Breakfast is not the most important meal of the day, but it’s the one most people screw up badly. Over the years, I’ve come to understand what my ideal breakfast should look like:
- Fast to cook and fast to eat. If I spend too much time on stuff that doesn’t matter in the morning, then the whole day gets infected with laziness.
- Light enough to support creative work afterward. I begin writing immediately after I finish eating. And if I devoured a giant omelet with cheese and shrimp, I can’t think clearly.
- Nutritious enough to provide energy until lunch. I don’t want to think about food when I’m working, so the breakfast must power me for at least 3h of deep work before lunch.
Half a year ago, I stumbled upon oatmeal. For a no-carb fan, it didn’t seem like a big deal at first. But I gave it a shot.
I’ve tried microwaving oatmeal, boiling it with milk, and even chilling oats overnight. I’ve experimented with berries, fruit, and nuts. I’ve tested ten different types of milk, including oat drink, which is not milk at all.
I couldn’t resist.
Here are two best combos I’ve discovered:
Almond-Coco: coconut milk, almonds, raisins
First things first: coconut milk is not really coconut milk. It’s not one of those cheap drinks people sell for a pound or two. The drink is a mix of crushed coconut and some water. This makes it fatty and high in calories, which is perfect for someone who wants their breakfast to be small but nutritious. It also has a natural sweetness because of the coconut itself.
Coconut milk turns oatmeal into something totally different. Oats become soft and change their structure. The density of the milk also prevents oats from getting dry quickly. This means that you can enjoy “wet” oatmeal for longer and don’t have to bother adding more milk before cooking.
Also, almonds behave differently if you use coconut milk. They become soft enough so that you don’t have to crack your teeth to bite them. Pro tip: if you’re boiling your oatmeal with milk, add almonds just 2-3 minutes before turning the heat off. This will do the trick.
Finally, raisins add sweetness and complement the taste of coconut milk nicely. Together, the two provide a sweet but not bitterly sweet taste. Just enough sweet to not add any sugar.
Blue-Banana: oat drink, banana, blueberries, raspberries, walnuts
That’s my current favorite one. I use Oatly Original Oat Drink as a foundation here; that’s something I’ve only been able to find in the UK. It’s a nicely designed drink made from 80% water and 10% rolled oats. I loved it from the first try, and now I drink about 1L every day. And there’s something special in using oat drink for cooking oatmeal. It just feels right.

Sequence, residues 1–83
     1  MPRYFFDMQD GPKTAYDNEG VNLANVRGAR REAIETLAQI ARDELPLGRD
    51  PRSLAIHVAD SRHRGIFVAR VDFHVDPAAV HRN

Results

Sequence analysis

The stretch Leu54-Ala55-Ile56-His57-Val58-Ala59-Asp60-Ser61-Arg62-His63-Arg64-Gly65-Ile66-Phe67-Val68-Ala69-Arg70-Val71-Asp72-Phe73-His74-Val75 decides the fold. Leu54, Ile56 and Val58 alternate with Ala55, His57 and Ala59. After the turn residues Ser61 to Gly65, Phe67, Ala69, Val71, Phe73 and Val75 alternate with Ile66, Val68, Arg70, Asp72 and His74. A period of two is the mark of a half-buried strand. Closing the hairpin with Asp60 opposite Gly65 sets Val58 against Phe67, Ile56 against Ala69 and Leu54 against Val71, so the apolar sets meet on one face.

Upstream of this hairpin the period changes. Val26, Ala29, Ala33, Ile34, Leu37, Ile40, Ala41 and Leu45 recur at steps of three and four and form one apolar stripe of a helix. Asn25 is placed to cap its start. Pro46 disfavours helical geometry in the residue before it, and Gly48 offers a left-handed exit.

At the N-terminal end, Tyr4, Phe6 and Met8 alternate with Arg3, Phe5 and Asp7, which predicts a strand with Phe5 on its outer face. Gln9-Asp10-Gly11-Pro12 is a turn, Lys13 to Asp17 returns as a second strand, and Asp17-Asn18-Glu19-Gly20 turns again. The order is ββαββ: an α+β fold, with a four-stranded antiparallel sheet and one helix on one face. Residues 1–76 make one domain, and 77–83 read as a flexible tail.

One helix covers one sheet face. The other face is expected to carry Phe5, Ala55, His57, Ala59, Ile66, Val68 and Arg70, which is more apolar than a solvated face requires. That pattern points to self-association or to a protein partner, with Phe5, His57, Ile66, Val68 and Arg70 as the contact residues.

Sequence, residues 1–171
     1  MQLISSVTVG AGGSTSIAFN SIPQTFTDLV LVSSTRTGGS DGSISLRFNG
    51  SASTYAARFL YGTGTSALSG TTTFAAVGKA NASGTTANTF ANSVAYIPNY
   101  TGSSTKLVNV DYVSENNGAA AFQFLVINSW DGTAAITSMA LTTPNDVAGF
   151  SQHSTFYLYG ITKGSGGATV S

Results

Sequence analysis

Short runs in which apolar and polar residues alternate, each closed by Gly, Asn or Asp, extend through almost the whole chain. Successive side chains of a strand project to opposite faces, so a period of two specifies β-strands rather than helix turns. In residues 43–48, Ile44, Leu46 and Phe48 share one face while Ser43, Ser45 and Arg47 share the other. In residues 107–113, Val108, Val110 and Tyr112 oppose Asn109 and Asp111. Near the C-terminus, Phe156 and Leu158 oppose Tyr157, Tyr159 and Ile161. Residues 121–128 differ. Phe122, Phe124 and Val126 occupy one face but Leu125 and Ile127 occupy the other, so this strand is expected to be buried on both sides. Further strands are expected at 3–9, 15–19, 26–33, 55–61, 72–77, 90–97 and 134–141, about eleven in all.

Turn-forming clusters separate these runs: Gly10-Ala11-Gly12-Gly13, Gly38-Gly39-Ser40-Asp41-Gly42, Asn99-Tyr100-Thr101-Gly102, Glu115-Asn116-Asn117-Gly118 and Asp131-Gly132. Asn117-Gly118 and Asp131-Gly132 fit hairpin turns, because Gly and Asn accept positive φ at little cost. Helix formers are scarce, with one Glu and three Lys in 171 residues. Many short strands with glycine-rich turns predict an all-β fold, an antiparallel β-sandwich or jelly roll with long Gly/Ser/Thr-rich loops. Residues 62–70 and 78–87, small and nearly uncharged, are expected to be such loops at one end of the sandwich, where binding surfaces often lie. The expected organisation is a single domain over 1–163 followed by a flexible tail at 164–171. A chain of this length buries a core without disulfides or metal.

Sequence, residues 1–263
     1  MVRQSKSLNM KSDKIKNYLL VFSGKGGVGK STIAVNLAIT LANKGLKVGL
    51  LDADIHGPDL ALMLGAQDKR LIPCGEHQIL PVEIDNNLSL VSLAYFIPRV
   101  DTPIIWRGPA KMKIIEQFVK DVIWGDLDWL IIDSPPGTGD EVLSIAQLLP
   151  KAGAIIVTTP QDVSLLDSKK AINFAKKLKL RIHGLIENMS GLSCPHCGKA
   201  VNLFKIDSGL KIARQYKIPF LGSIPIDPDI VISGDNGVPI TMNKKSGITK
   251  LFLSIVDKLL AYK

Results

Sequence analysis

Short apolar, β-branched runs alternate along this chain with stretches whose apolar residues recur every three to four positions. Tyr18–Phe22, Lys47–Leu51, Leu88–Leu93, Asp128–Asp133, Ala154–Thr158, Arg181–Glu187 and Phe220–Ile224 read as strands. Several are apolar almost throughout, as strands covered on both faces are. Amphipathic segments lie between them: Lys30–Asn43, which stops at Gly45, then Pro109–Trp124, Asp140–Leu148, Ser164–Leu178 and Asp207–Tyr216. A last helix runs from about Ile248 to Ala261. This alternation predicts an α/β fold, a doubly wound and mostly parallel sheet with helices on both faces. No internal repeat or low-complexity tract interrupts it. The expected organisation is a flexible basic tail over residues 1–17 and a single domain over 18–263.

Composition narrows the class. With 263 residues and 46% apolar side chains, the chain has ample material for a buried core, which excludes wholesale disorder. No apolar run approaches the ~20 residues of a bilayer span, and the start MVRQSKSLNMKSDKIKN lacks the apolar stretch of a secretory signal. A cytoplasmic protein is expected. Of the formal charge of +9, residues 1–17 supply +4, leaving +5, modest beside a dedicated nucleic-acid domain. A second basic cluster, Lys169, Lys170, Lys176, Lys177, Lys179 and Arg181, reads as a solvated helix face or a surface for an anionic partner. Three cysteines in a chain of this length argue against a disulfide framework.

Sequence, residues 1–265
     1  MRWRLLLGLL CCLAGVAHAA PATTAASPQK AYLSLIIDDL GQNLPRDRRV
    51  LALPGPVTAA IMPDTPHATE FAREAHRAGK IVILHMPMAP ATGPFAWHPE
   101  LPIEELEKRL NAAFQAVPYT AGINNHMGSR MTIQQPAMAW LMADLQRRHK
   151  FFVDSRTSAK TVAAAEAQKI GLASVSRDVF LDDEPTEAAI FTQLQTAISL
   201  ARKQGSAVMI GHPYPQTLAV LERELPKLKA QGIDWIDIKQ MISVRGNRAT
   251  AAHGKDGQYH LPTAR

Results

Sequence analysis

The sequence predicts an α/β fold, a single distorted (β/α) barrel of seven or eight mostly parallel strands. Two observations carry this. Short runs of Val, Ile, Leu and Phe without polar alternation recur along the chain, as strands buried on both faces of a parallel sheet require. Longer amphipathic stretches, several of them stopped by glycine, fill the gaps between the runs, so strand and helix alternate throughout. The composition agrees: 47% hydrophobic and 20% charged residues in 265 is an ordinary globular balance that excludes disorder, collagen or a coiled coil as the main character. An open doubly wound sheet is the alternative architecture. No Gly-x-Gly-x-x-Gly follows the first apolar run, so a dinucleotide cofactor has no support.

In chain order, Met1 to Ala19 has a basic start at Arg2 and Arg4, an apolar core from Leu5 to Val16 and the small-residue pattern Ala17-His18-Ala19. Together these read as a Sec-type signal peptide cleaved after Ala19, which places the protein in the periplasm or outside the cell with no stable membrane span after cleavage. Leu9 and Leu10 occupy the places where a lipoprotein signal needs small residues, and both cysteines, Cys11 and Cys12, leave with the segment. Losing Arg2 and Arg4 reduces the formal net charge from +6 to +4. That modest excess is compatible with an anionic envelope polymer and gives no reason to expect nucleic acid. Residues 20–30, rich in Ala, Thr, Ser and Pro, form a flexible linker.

The blueberries-banana-raspberries combo is worth a few words. First, it’s a perfect mix of sweetness and acidity. I usually do about 50g of blueberries and raspberries, and one banana per portion. Berries complement banana nicely and also add those tiny bursts of juice when you bite them. I love it so much.
Lastly, walnuts make this one more nutritious. If you microwave them with the oats at 900w for 1m40s, they also become soft and perfectly match mushy banana.
The mornings are special to me.
If I waste a second in the morning, I feel like the day is not going well already. This leads to anxiety, stress, and busyness of mind.
But if I win the morning, I almost always win the day. That’s why I move through those precious morning hours almost like a robot, performing the same routine over and over again. I only break the habit on some exceptional occasions. For example, last week, I’d been helping a friend with a YC application until 3 am and woke up at about 9.
I wake up at 5:30 and go straight to the bathroom. I wash my face, clean my teeth, and go to the toilet. At 5:40, I put up training clothes and begin working out. After about 50 minutes of HIIT, I take a shower and go downstairs to have breakfast. I turn on some music like Christmas Jazz on Spotify (it’s September, I know, but so what?) and begin cooking my breakfast.
First, I get my dishes ready. I open the cupboard and take one deep plate and one flat. I also bring two spoons and a cup to pour some oat drink. This may sound like a hell of a process, but you’d be surprised if you saw how automatic it is.
Once the dishes are out there, I grab the ingredients. I take the oatmeal and nuts from the cupboard and bring fruit, berries, and oat drink from the fridge.